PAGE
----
After successfully submitting your application, the AMCAS will distribute secondaries in July or August, which should be turned around in 2 weeks or less. Interviews will roll in hopefully between August and March if all goes well. If you applied early and have a good application, you’re looking at interviews before November and acceptance within 8 weeks after. Later interviews generally have a lower chance of acceptance, but it’s not a death sentence. In April, applicants who have multiple acceptances have to commit to just one school. This is theoretically when people get moved off the wait-list. Hopefully by this point the schools will guide you towards the door for the first day of classes.

Money: Hitting you where it hurts
Let’s talk money. Unless you qualify for FAP (Fee Assistance Program. I am not making this up), you will be expected to pay a lot of money just to be given the opportunity to pay more money. The MCAT test is $310, which makes it worthwhile to take only once. The actual application will cost $160 and comes with one school. Each additional school you want to send an application to will cost you $38, which makes applying to a lot of schools an expensive endeavor. After the primary comes the secondaries, which will come in like a barrage of arrows. Each secondary will cost anywhere from $0 to $150 in addition to requiring essays on why you like each school. Applying to a lot of schools gets very expensive. If you do qualify for FAP, the AAMC will reduce the MCAT fee, give you access to the MSAR (more on that later), and comp your application and first 16 school applications. That’s a lot of money.

How to decide where to apply: Stats and the MSAR
Let’s start by defining the MSAR, the Medical School Admissions Requirement. This is an online resource that compiles the GPA and MCAT ranges of all schools in the US. This allows you to sort by your desired scores as well as look into each school’s mission statement, student body size, gender distribution, etc. The question is what score is good enough? Do you apply to schools where your scores are just below the median, at the median, or above the median? Honestly, I couldn’t tell you. Rejection is common from schools where your score is more than competitive and sometimes you’ll find someone whose scores were less than competitive get into a school. Don’t underestimate the importance of a good personal statement and activity summary. Final note: it’s worth your time to look into the legitimacy of the schools you want to attend. Is that school accredited by the AAMC? Has it lost that accreditation recently? How low of a GPA/MCAT combo are they willing to take? What do the school’s residency match rates look like for the specialties you’re interested in? Is tuition going to be expensive? What percentage of applicants do they accept? Anyone of these factors alone shouldn’t deter you from wanting to attend a school, but if the answers to these questions would also describe a Kardashian, you should be skeptical.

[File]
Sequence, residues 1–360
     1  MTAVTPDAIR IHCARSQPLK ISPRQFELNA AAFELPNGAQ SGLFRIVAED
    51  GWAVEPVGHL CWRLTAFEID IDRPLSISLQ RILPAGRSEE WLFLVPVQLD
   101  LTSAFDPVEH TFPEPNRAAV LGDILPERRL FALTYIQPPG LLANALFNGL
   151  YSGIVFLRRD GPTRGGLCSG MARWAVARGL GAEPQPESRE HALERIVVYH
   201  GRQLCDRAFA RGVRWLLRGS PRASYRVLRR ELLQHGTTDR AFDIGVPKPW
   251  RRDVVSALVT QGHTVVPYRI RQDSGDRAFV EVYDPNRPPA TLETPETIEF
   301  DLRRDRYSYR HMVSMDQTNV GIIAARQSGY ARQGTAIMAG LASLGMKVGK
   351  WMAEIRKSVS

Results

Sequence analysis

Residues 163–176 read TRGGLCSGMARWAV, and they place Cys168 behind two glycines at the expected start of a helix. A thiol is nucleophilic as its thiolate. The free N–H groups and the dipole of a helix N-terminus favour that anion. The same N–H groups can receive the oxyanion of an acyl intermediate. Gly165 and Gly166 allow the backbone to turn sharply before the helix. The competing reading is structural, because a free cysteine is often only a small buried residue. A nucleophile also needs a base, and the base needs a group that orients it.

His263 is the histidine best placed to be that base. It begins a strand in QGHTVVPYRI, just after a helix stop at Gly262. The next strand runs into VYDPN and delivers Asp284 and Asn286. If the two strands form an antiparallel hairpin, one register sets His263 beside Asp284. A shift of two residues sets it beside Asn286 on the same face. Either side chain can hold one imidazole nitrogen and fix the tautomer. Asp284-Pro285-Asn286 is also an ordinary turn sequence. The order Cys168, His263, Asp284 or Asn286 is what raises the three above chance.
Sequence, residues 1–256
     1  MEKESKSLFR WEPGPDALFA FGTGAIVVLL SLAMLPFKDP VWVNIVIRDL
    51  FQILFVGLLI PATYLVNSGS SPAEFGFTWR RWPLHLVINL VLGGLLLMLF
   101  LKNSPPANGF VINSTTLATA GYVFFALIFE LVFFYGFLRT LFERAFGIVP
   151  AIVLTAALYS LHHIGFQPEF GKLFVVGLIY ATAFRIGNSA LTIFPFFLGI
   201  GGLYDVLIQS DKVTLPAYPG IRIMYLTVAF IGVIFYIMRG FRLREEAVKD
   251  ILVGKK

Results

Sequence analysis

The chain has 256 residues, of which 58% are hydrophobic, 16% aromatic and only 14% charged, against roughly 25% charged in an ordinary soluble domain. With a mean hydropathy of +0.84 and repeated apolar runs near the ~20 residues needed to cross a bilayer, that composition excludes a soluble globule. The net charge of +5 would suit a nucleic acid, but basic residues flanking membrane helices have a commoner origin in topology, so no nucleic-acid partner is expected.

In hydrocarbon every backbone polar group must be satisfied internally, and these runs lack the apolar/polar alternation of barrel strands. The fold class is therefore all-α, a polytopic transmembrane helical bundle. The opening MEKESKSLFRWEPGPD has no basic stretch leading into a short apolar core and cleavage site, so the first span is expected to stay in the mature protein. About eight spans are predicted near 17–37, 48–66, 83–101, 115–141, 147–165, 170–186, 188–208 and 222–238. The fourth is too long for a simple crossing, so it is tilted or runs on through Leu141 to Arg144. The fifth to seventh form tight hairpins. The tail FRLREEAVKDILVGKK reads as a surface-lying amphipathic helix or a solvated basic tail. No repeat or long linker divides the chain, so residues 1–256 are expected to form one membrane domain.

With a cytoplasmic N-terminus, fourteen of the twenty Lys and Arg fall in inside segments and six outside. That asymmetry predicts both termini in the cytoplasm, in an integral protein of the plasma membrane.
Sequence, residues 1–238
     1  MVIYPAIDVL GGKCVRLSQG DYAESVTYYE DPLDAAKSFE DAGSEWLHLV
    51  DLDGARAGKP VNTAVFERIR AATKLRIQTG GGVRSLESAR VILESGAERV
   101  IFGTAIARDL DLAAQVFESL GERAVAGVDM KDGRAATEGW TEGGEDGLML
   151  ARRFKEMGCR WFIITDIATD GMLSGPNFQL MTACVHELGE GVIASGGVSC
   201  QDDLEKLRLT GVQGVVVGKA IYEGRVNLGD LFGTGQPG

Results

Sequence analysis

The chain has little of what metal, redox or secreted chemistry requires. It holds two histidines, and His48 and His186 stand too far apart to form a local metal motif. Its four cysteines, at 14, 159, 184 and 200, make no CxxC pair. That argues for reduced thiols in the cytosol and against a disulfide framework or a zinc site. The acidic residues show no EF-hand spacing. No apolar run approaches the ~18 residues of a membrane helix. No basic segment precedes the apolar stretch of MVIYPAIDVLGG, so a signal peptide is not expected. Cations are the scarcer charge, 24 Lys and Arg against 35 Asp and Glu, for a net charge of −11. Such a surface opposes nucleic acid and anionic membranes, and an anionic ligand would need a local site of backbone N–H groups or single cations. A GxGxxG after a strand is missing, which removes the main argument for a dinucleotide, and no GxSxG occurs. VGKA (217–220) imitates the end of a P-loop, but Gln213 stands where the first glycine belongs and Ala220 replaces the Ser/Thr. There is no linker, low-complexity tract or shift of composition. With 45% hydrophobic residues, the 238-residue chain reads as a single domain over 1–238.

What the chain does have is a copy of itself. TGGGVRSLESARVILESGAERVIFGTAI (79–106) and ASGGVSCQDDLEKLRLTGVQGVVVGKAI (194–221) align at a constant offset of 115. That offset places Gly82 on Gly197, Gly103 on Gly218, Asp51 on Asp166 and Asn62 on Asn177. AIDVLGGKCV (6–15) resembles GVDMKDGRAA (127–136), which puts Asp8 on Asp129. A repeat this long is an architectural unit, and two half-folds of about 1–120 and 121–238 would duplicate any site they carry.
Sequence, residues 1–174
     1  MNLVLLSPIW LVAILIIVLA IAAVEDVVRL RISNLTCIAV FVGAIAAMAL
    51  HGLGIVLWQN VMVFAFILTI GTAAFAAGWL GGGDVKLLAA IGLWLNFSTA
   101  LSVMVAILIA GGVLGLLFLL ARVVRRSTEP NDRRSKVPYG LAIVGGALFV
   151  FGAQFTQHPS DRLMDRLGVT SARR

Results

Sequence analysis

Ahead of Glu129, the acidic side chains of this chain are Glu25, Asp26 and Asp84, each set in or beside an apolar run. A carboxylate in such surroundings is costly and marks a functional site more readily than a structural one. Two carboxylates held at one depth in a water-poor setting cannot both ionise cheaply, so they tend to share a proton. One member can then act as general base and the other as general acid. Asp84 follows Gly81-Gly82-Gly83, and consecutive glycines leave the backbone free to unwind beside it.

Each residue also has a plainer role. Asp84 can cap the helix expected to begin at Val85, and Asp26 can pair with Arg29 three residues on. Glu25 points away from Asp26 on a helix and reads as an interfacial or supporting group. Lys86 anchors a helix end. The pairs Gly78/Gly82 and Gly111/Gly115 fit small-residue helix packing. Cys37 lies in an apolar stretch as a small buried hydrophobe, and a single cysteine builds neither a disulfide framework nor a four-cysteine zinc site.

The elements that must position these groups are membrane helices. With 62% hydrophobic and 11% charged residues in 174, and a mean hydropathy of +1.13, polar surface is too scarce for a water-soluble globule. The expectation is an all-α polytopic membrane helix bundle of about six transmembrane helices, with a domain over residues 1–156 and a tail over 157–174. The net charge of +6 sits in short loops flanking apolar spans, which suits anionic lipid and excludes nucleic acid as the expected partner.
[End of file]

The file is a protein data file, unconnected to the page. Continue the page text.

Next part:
MD or DO?
While the two degrees differ in philosophy in minor ways, in most functional capacities the two function exactly the same. Both allow you to pursue any specialty and match with MD residencies and will require you to pass the same boards.
I sit in the camp of students who believes a good DO school is better than a bad MD school. The judgment comes from the idea that MD degrees have been longer established and that DO schools have more lax requirements. If your goal is to become a physician and serve your community, it’s important to keep an open mind to the possibilities. I also wanted to add a note to be wary of the MD schools that send you unsolicited emails to get you to apply. Caribbean weather sounds nice and all, but for-profit institutions seem to have an agenda for accepting anyone willing to go an additional $250,000 in debt. (For comparison purposes, the average non-Caribbean graduate has about $153,000 of debt.)

  
Activities and experiences
Breakdown time! No, not an emotional breakdown. Let’s breakdown what experiences to talk about and how to highlight what you’ve learned. For those lucky enough to still have time to pursue new experiences, listen up. There are a few major experience categories: volunteering (medical and non-medical), paid work (medical and non-medical), research, awards, artistic endeavors, clinical shadowing, extra curricular, leadership, teaching, etc. You don’t have to have something in every category, but try to think of something for most of them and try to pursue other ones if you have time. Each school ranks the importance of each experience differently, so a Jesuit school may put a greater focus on non-medical volunteering while a large public institution might like research a lot more. The mission statement of each school will give you an idea.

You’ll be given space to write in detail about three significant experiences and I would say to avoid having all three of them highlight the same thing. If you have three important medical experiences, for example, you may want to only highlight one and use one for a leadership experience and one for a hobby. The idea is that you talk about how each experience, no matter how unrelated, has contributed to your success as a medical applicant. Take my example for how to write about being a concert violinist, which you could argue has nothing to do with medicine:

Learning the violin has given me the opportunity to work alongside a group of talented individuals to create something larger than myself. Being a part of an ensemble helps me understand how each part, no matter how seemingly insignificant, can contribute to something beautiful. Succeeding in an orchestra ensemble requires discipline in daily practice, but also requires versatility as a musician. The required musical repertoire spans many time periods and often requires quickly learning on the spot. The violin has taught me not only how to lead others, but how to take directions and criticism. This has been an important part in my growth as a musician and as a scholar.